Cash by Johnny Cash

Things I recommend: this book. Things I do not recommend: reading this book and then remembering that the music video Hurt exists and re-watching it five times in a row on YouTube, with a glass of white wine, until you’re sobbing all over your keyboard at one in the morning on a workday.

In this autobiography, Johnny Cash looks back at his life, sharing the highs and the lows, from amphetamine addictions to his relationship with June Carter Cash.

Graphic Novels

If you’re still on the fence as to whether graphic novels count as real novels, these next few might finally convince you otherwise. We’re moving past superheroes for this one.

The Complete Persepolis by Marjane Satrapi

A first-hand account of a young woman living through the Iranian Revolution, and the ramifications of it on her life including her move to Europe.

It’s hard to find a more unique, poignant, and deeply personal story anywhere else. All I can say to not spoil it: just check this one out.

Pyongyang: A Journey In North Korea by Guy Deslisle

Guy Delisle is a French-Canadian animator who makes travelogues of his work supervising animation studios in other countries.

In Pyongyang, he offers insight into what life in North Korea is like as a foreigner, without being sensationalistic. His approach makes the strange mundane, giving it a more “slice-of-life” feel than the usual exploitative, sensation-seeking, undercover journalist one that tends to be the angle of most insider stories about life in North Korea.

Solutions and Other Problems by Allie Brosh

I used to read Allie Brosh’s blog, Hyperbole and a Half, religiously in middle school. Whatever she posts hits me right in the funny bone, every time. On top of that, she’s also able to hit an emotional nerve, with her last book having one of the most recognizable depictions of depression I’ve ever come across.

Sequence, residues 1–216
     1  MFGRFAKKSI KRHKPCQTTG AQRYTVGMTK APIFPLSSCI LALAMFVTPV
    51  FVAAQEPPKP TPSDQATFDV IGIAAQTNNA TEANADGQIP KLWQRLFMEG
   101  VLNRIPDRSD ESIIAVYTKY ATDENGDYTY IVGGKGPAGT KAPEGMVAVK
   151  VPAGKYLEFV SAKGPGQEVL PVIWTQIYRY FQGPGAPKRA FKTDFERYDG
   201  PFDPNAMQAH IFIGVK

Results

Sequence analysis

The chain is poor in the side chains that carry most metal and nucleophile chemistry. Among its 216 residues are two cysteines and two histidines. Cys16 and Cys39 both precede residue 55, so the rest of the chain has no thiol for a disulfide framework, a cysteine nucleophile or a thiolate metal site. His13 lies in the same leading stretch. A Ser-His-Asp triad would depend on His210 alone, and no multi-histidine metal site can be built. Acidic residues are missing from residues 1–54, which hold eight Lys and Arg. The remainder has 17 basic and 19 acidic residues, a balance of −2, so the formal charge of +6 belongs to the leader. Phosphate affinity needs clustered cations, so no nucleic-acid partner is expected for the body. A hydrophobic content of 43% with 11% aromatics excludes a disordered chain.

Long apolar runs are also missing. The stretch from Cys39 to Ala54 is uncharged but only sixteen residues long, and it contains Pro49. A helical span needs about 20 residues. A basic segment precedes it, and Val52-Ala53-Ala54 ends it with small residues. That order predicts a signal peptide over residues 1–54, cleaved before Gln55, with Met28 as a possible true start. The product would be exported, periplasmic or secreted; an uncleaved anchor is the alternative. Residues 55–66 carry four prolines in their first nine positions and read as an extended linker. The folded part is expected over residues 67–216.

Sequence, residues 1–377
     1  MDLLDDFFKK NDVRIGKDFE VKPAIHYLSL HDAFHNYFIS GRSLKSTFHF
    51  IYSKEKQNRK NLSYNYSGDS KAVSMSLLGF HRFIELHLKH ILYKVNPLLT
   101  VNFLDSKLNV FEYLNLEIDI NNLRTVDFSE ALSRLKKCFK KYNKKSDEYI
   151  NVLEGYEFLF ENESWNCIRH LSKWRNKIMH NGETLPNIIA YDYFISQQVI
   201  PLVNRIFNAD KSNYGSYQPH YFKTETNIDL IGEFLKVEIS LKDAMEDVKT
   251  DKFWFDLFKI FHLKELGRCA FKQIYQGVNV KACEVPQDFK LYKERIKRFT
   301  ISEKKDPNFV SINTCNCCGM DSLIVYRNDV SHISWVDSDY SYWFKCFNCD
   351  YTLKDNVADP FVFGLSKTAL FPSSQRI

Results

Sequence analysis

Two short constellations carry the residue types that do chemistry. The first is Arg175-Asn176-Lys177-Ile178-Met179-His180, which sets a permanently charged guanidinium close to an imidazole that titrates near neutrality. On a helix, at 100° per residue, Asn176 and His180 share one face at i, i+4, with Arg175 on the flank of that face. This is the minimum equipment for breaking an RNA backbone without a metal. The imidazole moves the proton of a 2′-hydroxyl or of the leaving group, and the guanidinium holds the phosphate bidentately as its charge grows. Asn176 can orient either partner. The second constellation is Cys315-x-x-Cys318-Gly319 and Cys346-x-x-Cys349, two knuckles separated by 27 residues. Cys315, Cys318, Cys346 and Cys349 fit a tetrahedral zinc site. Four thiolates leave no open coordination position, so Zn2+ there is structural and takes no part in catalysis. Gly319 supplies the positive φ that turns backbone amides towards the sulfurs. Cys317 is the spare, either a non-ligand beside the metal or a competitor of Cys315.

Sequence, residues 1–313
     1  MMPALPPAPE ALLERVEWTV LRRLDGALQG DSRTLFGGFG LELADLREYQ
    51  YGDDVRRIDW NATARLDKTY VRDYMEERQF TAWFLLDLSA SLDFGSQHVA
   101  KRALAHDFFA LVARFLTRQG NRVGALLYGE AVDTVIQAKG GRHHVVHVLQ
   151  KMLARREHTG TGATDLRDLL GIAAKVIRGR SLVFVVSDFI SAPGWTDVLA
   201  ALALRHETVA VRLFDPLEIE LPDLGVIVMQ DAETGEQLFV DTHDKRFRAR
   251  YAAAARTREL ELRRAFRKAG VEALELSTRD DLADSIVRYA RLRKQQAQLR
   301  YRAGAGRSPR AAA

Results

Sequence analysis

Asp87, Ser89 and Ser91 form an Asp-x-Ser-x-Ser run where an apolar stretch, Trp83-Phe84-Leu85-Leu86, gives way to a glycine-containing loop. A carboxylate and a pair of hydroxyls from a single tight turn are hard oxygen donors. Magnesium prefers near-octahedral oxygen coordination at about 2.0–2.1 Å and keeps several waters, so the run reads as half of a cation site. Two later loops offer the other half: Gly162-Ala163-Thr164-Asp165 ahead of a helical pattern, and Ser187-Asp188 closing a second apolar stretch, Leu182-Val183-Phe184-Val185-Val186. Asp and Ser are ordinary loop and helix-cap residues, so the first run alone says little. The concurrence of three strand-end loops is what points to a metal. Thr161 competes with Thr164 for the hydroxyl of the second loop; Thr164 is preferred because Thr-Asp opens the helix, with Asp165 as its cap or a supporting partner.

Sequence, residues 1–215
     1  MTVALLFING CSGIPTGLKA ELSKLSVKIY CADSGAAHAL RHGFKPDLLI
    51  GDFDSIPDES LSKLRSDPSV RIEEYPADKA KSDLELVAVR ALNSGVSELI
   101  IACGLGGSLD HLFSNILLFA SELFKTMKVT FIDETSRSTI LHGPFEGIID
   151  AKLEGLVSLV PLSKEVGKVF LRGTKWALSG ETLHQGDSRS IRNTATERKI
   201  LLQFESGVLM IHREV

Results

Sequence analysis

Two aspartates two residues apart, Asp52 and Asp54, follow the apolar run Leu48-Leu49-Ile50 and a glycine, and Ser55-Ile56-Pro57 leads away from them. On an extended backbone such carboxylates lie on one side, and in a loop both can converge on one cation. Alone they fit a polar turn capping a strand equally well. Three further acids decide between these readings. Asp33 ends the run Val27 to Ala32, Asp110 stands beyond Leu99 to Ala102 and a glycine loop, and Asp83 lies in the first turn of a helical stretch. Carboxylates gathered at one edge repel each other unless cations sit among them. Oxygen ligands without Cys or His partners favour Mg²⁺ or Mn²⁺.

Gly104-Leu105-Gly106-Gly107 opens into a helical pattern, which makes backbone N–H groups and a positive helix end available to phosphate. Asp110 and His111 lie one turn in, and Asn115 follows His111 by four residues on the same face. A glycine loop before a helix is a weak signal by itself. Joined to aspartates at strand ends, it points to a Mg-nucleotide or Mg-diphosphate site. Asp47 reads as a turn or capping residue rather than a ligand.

So, when I found out she released Solutions and Other Problems, I bought it and read it within two days. Once again, Allie Brosh hits the perfect balance of funny, bizarre, and heartbreaking that gets me every time.

Essays

This might not be a surprise to those who regularly read my blog, but I love essay compilations – especially funny ones. Here are the highlights of 2021.

The Best of Me by David Sedaris

David Sedaris is one of my favorite authors, and as such, a compilation of his top essays was always going to end up on the best list. Snort-worthy, slightly neurotic, and off-beat – just what you’d expect from one of the funniest authors out there.

I Feel Bad About My Neck: And Other Thoughts On Being A Woman by Nora Ephron

Another compilation of funny essays, this time by Nora Ephron. Although I originally knew her for her writing work on my favorite rom-com, When Harry Met Sally, her essays didn’t disappoint. A fun read covering topics ranging from aging to housing in New York, that’ll make you chuckle.

Feminism

2021 was the year of moving beyond my narrow understanding of the female experience, instead choosing to focus on intersectionality. Here were the best of the bunch.

It’s Not About The Burqa by Mariam Khan

A compilation of essays from different English-Muslim women about what it means to be a Muslim woman, and more specifically, what it means to them to be a Muslim woman in the United Kingdom.

A book interested in giving a voice directly to these women, instead of having a white knight Westerner speaking for them.

Hood Feminism: Notes From The Women That A Movement Forgot by Mikki Kendall

Feminism that chooses to leave some women behind to benefit others, isn’t feminism.

In Hood Feminism, Mikki Kendall breaks down exactly where modern-day feminism is lacking in supporting black women (and other women of color) in America today. By stating the facts, she leaves little doubt as to why feminism should focus on intersectionality and encourages magnifying BIPOC women’s voices to help their communities, instead of hogging the microphone and turning to blanket solutions that ultimately silence them, while raising up the few.

Whipping Girl: A Transexual Woman on Sexism and the Scapegoating of Femininity by Julia Serrano

A trans woman shares her thoughts on feminism, misogyny, and womanhood, based on her experience being raised male and later living as a woman.

Her point of view on misogyny, female sexuality, and trans-exclusionary radical feminists (also known as TERFs) are eye-opening, to say the least.

War’s Unwomanly Face by Svetlana Alexievich

A tough read, but one that’s worth it.

Svetlana Alexievich shares interviews with hundreds of Soviet women who fought in World War II. In it, the pomp and circumstance of war are torn down, and the everyday stories of women on the front lines are pushed forward.

Svetlana Alexievich does a fantastic job of not only highlighting the difference in these women’s experiences compared to the men but also the differences in storytelling between men and women. The little details are what make this one a must-read.

Professional Development